Golf in China

Golf in China

Columns - Design Concepts

In some ways, China’s golf’s evolution is like stepping into a time machine.

April 10, 2014
Jeffrey Brauer
Construction Jeff Brauer
  Jeffrey D. Brauer

I have been fortunate to secure design commissions in China this year. Given the lull in new course design in the US, it is fun to travel and design new courses there. Since it’s on my mind, it seems reasonable to take a break from writing about down to earth, practical matters I usually tackle in this space, and look at golf as it develops in China.

There are similarities to golf in the U.S. now, and to golf as it developed in the U.S. about 120 years ago.

In both cases, the rich found golf to be a pleasant diversion, and are enthusiastic participants. In both cases, most of the early courses are private. Semi-private and public courses are slowly starting to appear, but are small in number. And given it is generally a sport of the wealthy, they want what they perceive to be “the best” and generally can afford it.

It strikes me that whereas golf (and golf architecture) in America got its start from Scottish golf pros, who adapted the ancient game to American conditions. Not much was known about agriculture and turf in those days, but the Chinese have fewer problems, since they have imported more than a 100 years of US golf technology in design, irrigation, construction and turf science. Golf in China is definitely modeled after the modern U.S. golf industry, and some would say they have imported both the best and worst of American golf.

There are some spectacular successes. They mostly use U.S. architects, including those at the top of their game, like Bill Coore, ASGCA and Ben Crenshaw. On a spectacular ocean-front site at Shankqin Bay, on Hainan Island, they designed a course that deserves early inclusion in several World Top 100 lists.

Of course, not every site can be spectacular, ocean front land. Like Japan, it seems they reserve the gently rolling land for agriculture, meaning many courses are built on mountainous sites we would not consider building in the U.S. On my last trip, I ascended (and descended) almost 900 vertical feet one day – equaling walking to the top of a skyscraper. Typically, they move 1–2 million cubic meters of earth, at least five times more than typical on U.S. courses. Chinese practice areas also more closely resemble those from Japan, with their AstroTurf practice tee mats and covered double-deck structures.

They also build courses to promote real estate. With their typical high-rise housing, some courses are true “condo canyons.” Early development courses were far too tight, but golf acreage is increasing. Recently, landing zones have been made wider (450 feet, when 400 feet is the most I’ve seen in the U.S.). They have also embraced some of the newer housing trends, as enlightened developers realize that single fairways, loaded with towers on each side may not create the maximum value. Double fairway corridors are more common to give a better green belt effect.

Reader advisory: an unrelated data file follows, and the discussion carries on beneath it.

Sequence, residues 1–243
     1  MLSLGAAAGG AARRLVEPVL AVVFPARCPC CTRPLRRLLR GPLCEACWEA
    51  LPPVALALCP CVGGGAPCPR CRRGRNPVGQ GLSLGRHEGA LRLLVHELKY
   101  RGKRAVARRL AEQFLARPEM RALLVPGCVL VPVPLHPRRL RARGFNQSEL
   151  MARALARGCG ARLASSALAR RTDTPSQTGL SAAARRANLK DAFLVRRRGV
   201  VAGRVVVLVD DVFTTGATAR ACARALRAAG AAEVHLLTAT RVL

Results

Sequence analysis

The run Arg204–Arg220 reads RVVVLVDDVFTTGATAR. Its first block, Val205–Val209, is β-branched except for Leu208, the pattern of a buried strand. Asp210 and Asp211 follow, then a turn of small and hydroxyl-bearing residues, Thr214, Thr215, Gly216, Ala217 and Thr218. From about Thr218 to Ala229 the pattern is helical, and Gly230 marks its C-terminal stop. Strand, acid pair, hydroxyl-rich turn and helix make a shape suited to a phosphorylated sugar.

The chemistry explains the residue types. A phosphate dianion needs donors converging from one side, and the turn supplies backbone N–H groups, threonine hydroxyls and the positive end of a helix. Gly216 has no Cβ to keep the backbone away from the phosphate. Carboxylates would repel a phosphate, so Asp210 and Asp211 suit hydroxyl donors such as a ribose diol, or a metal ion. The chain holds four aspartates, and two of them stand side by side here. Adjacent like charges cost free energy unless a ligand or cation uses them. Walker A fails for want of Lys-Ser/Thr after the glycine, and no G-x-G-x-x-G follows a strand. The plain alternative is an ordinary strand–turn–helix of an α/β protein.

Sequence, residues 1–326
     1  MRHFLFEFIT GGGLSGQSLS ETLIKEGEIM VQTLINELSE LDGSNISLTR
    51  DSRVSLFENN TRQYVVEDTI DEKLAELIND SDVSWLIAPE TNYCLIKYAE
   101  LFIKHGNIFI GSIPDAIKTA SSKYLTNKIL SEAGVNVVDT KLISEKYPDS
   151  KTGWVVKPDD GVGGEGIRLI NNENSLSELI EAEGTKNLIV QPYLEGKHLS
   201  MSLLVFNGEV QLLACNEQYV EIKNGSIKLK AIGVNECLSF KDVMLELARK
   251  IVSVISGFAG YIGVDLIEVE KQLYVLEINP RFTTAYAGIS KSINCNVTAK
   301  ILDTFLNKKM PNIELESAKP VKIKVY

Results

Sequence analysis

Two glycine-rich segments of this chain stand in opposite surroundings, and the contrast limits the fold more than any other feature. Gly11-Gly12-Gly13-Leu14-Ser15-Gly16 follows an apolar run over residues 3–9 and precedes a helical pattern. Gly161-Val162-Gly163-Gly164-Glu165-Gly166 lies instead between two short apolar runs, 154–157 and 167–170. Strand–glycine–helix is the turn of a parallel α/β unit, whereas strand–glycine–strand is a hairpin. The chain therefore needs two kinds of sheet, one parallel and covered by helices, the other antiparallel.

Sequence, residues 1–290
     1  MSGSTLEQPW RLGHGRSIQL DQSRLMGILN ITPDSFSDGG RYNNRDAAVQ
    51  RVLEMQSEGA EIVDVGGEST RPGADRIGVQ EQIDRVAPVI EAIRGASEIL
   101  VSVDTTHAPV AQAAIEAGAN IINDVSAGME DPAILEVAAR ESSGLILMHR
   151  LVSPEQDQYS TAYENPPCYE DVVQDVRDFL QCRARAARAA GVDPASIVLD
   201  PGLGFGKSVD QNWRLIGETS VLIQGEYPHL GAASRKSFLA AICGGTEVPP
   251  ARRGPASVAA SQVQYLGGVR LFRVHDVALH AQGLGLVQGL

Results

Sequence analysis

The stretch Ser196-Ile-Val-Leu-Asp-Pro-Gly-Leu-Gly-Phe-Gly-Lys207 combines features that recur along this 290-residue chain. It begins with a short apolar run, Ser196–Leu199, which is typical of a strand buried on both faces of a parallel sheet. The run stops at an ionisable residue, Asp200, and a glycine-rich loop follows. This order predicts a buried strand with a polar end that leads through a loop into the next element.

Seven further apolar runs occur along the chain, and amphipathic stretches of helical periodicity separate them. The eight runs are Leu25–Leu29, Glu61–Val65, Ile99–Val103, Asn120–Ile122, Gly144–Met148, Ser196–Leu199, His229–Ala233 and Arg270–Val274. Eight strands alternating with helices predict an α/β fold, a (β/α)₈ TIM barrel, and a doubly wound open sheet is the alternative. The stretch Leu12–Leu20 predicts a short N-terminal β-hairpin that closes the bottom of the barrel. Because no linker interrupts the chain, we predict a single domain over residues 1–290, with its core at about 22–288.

Environmentalism is highly valued, whether cleansing runoff with ponds, or using electric vehicles to reduce the carbon footprint.

It appears they are following U.S. design trends from the 1990-2007 period, when designs were based on the tournament length/quality, cart golf, signature holes, one-upmanship and potential rankings and publicity. Water hazards and heavy bunkering are prevalent, making many courses too tough for average players, especially where a larger percentage are new golfers. However, they seem to like such difficulty, and there is talk of courses being “too easy,” which we have moved away from in the US.

Based on wear patterns, it seems most golfers play from the blue tees no matter what the course yardage is. “Tee it Forward” hasn’t caught on in China. Speaking of wear patterns, while carts are the norm, each player gets his own cart and a caddie who rides with them. As turf expert Kun Li told me, ”Greens and tees are oversized compared to the U.S., because 20,000 rounds equals 40,000 rounds of traffic on a US course.”

The clubhouses are also typically oversized, providing excellent amenities and service levels, because they say the “culture” demands it. On many days, staff outnumbers players. Like some US clubs, they are run by smart business executives who meet budgets at work, but overspend on their club. Chinese are known to be practical, so how long will that trend continue? As you can tell, I wish they would learn some of lessons more quickly.

This is the first time a country is undertaking new golf development based on the US golf model, which has evolved from its Scottish roots over the last 120 years. Some worry that there is too much disconnect from golf’s origins and roots in the US model, but the game is still recognizable. In my opinion, golf’s adaptability to different climates and cultures proves that the essence of the game remains powerful enough to thrive and endure as strongly in the next 500 years, as it has in the last 500. Overall, golf will thrive in China, and they will be good stewards of the game’s many traditions, even while adapting them to their unique conditions.


Jeffrey D. Brauer is a veteran golf course architect responsible for more than 50 new courses and more than 100 renovations.  A member and past president of the American Society of Golf Course Architects, he is president of Jeffrey D. Brauer/GolfScapes in Arlington, Texas. Reach him at